The Necessity of the Ordinary
I grew up visiting my grandparents every summer, and complained I had nothing to do. To ward off boredom, my cousins and I wandered down to the creek to spend the afternoon. We sat on the banks of the cool rushing waters throwing pebbles in the creek. I enjoyed seeing who could produce the biggest ripples by throwing their rock or seeing whose rock would skip the most times across the water. But the most captivating effects were the ripples bellying away from the center place where the rock landed.
Ebbs and flows of waves across the pond are similar to our life’s journeys. One event is the beginning of future events spreading throughout the course of our lives.
We’ve all heard the saying “Don’t despise small beginnings.” This saying rings true about all of us. When we are at the beginning of something, we long to see the ending because beginnings rarely seem significant. All journeys begin with small steps. Small steps grow into bigger steps. And faithful perseverance in the day to day, ordinary, mediocre life is the necessity for a purposeful future.
Small steps seem boring and mundane, however, the ordinary is necessary for extraordinary results to manifest.
Developing the Skills
In the book of first Samuel, David faithfully watches over his family’s sheep. God guides David to shepherd his sheep in the pasture. He is alone. No one sees. His daily tasks of climbing the rolling hills and guiding his sheep day after day could be looked upon as boring. Yet, in this place, David begins to know his sheep. He knows their wandering places, their habits, and their stubborn ways. He is especially adept in knowing the sheep’s prey. David develops the humility to shepherd. At the same time, he develops the character of a warrior. While facing the challenge of protecting his flock, he kills a bear and a lion (1 Samuel 17:34-36). Consequently, his proficiency to use the sling providentially leads him to disable his enemies. His skill grows into a weapon to protect his sheep. David’s greatness, birthed out of the normal routine of his early years tending sheep and perfecting slingshot skills, ultimately lead him to the King’s palace.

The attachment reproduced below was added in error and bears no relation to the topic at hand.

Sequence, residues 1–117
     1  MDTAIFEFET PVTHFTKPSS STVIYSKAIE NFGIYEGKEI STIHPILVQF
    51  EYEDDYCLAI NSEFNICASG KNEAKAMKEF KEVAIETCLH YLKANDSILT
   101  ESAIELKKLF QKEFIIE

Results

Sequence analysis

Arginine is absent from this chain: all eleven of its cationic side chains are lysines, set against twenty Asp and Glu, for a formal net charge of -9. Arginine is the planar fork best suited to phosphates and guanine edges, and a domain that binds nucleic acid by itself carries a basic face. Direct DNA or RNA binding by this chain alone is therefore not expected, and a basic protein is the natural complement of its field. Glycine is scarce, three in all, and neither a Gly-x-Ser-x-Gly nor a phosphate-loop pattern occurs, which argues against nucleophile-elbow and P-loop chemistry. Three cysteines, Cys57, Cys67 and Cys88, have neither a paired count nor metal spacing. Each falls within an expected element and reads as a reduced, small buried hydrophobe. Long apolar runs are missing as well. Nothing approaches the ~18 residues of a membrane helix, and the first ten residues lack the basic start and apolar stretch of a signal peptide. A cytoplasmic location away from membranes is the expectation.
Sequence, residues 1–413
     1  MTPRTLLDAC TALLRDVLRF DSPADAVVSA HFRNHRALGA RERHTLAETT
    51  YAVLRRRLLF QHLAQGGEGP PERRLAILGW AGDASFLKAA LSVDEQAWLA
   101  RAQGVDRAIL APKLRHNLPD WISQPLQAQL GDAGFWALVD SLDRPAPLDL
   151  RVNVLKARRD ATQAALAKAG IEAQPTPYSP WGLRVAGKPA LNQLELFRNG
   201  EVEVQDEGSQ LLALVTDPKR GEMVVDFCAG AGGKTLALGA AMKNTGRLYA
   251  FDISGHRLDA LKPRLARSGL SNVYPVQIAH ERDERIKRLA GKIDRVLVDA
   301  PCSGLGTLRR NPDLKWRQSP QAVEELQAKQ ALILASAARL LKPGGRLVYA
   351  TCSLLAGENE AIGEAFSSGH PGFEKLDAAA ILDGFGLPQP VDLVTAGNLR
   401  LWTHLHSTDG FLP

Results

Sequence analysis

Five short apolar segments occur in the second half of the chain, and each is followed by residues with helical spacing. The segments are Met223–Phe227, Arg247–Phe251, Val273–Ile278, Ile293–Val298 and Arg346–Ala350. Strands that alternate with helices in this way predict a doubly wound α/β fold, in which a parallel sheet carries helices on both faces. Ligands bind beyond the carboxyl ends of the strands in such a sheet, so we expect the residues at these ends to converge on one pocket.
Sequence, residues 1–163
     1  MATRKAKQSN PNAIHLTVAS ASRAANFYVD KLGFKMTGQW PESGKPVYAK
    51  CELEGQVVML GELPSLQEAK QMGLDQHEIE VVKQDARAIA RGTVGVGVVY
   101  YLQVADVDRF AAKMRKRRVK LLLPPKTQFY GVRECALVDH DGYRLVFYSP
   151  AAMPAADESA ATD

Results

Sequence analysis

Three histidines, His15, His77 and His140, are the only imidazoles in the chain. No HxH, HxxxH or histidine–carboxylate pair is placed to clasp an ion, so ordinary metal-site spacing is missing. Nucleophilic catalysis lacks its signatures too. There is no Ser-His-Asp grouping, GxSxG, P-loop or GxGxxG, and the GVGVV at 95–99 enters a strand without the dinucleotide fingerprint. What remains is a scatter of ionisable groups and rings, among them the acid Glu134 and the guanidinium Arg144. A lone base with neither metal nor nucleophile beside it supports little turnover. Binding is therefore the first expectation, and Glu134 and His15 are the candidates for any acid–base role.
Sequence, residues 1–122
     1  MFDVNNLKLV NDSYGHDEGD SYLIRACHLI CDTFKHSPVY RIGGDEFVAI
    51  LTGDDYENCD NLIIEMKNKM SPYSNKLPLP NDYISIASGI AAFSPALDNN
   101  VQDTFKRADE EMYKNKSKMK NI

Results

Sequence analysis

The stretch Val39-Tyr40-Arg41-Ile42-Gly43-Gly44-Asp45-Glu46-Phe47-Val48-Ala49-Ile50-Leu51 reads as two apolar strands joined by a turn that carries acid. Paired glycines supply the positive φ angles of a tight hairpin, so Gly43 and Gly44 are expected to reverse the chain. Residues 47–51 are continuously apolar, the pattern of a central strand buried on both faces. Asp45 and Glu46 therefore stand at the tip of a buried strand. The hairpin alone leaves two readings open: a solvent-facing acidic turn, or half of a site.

One small beginning has an enormous impact for either good or bad. Through constant discipline, we develop the competence and the know-how to employ God-given abilities. The groundwork is being laid even when we consider discipline a routine grievance.
Another tool in David’s arsenal is his mastery of playing the harp to calm King Saul’s erratic behavior (1st Samuel 16:23). But David’s greatest skill handling a slingshot gives Israel the victory over their enemy Goliath. Small incremental steps shape David’s skill set allowing him to become the future king. David’s extraordinary results are birthed out of faithfulness to ordinary daily life.
Crafted Especially for Us
Personal experiences prompt us to move forward. We become experts in our individual challenges and life issues. Personal experiences shape us. They are meant to be used as weapons in our arsenal to mold us for purposeful living.